18 November 2019


Supreme Court

Manohar Lal Sharma Vs. Narendra Damodardas Modi and Ors.




Extent of permissible judicial review in matters of contracts, procurement, etc. would vary with the subject matter of the contract

The issues arising in present group of writ petitions, filed as Public Interest Litigations, relate to procurement of 36 Rafale Fighter Jets for the Indian Airforce. The procurement in question, which has been sought to be challenged, has its origins in the post-Kargil experience that saw a renewed attempt to advance the strategic needs of the armed forces of the country.

The tender is not for construction of roads, bridges, etc. It is a defence tender for procurement of aircrafts. The parameter of scrutiny would give far more leeway to the Government, keeping in mind the nature of the procurement itself. This aspect was even emphasized in Siemens Public Communication Networks Pvt. Ltd. and Anr. v. Union of India and Ors. The triple ground on which such judicial scrutiny is permissible has been consistently held to be "illegality", "irrationality" and "procedural impropriety".

The extent of permissible judicial review in matters of contracts, procurement, etc. would vary with the subject matter of the contract and there cannot be any uniform standard or depth of judicial review which could be understood as an across the board principle to apply to all cases of award of work or procurement of goods/material. The scrutiny of the challenges therefore, will have to be made keeping in mind the confines of national security, the subject of the procurement being crucial to the nation's sovereignty.

There is no occasion to really doubt the process, and even if minor deviations have occurred, that would not result in either setting aside the contract or requiring a detailed scrutiny by the Court. Joint exercises have taken place, and that there is a financial advantage to the nation. These are contracts of defence procurement which should be subject to a different degree and depth of judicial review. Broadly, the processes have been followed. The need for the aircrafts is not in doubt. The quality of the aircraft is not in question. It is also a fact that, the long negotiations for procurement of 126 MMRCAs have not produced any result, and merely conjecturing that the initial RFP could have resulted in a contract is of no use. It will not be correct for the Court to sit as an appellate authority to scrutinize each aspect of the process of acquisition.

The process was concluded for 36 Rafale fighter jet aircrafts on 23rd September, 2016. Nothing was called into question, then. It is only taking advantage of the statement by the ex-President of France, Francois Hollande that these set of petitions have been filed, not only qua the aspect which formed the statement, that is, the issue of IOPs but also with respect to the entire decision-making process and pricing.

The Government has not disclosed pricing details, other than the basic price of the aircraft, even to the Parliament, on the ground that sensitivity of pricing details could affect national security, apart from breaching the agreement between the two countries. The pricing details have, however, been shared with the Comptroller and Auditor General (hereinafter referred to as "CAG"), and the report of the CAG has been examined by the Public Accounts Committee ("PAC"). Only a redacted portion of the report was placed before the Parliament, and is in public domain. The Chief of the Air Staff is stated to have communicated his reservation regarding the disclosure of the pricing details, including regarding the weaponry which could adversely affect national security.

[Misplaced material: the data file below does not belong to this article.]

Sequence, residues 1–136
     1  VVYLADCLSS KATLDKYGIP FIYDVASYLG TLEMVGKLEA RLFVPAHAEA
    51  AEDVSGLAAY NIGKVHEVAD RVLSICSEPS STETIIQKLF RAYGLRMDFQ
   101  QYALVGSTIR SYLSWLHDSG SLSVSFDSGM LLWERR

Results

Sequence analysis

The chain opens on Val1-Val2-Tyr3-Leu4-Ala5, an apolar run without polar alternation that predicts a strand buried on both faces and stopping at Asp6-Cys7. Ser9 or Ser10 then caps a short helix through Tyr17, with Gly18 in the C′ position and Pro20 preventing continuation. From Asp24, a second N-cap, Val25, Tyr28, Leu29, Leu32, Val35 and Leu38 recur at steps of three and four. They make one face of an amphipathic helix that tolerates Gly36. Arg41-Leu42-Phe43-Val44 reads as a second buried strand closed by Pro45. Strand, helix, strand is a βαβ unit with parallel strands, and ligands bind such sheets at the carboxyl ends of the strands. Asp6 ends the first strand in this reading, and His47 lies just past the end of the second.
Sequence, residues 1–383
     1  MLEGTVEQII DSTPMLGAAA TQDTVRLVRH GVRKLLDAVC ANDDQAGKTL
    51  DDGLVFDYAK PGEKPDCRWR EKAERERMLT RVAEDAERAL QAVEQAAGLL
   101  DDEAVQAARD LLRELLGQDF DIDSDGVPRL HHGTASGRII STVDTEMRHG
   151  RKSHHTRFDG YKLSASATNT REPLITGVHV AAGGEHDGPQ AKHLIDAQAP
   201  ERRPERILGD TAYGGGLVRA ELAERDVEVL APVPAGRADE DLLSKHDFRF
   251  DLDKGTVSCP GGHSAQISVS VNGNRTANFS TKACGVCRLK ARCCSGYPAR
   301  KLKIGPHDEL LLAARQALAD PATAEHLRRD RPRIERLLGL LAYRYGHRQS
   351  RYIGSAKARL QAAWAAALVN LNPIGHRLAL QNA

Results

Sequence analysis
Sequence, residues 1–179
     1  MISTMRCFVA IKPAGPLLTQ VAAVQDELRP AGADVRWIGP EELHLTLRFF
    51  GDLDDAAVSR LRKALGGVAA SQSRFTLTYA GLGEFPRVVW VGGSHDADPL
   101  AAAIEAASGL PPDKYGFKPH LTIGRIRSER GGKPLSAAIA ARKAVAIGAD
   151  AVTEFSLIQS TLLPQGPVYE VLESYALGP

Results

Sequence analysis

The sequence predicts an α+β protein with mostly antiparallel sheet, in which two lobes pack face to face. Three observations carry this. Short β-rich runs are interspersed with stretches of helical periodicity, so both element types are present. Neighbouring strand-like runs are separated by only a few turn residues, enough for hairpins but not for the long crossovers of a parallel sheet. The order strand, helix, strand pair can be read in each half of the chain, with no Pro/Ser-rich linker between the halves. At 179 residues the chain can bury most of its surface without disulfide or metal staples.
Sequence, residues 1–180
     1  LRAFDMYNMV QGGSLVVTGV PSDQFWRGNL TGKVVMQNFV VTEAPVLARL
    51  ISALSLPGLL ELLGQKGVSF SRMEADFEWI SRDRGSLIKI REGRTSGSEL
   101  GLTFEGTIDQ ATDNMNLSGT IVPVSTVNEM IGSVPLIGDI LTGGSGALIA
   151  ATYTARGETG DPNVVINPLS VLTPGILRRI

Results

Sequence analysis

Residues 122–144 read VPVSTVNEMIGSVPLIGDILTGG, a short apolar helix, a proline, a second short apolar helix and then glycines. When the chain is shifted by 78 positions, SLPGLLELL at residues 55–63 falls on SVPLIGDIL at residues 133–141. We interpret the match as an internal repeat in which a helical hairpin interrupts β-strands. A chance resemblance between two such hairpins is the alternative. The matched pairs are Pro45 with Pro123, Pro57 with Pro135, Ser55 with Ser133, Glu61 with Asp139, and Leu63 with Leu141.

The pricing details are stated to be covered by Article 10 of the IGA between the Government of India and the Government of France, on purchase of Rafale Aircrafts, which provides that protection of classified information and material exchanged under the IGA would be governed by the provisions of the Security Agreement signed between both the Governments on 25th January, 2008. Despite this reluctance, the material has still been placed before the Court to satisfy its conscience.

Once again, it is neither appropriate nor within the experience of this Court to step into this arena of what is technically feasible or not. The point remains that Defence Procurement Procedure, (DPP 2013) envisages that the vendor/OEM will choose its own Indian Offset partners (IOPs). In this process, the role of the Government is not envisaged and, thus, mere press interviews or suggestions cannot form the basis for judicial review by this Court. There is no material on record to show that present is a case of commercial favouritism to any party by the Indian Government, as the option to choose the IOP does not rest with the Indian Government.

There is no reason for any intervention by this Court on the sensitive issue of purchase of 36 defence aircrafts by the Indian Government. Perception of individuals cannot be the basis of a fishing and roving enquiry by this Court, especially in such matters. Petition dismissed.


Siemens Public Communication Networks Pvt. Ltd. and Anr. v. Union of India and Ors. MANU/SC/8245/2008
: (2008) 16 SCC 215

Tags : Aircrafts Procurement Judicial review

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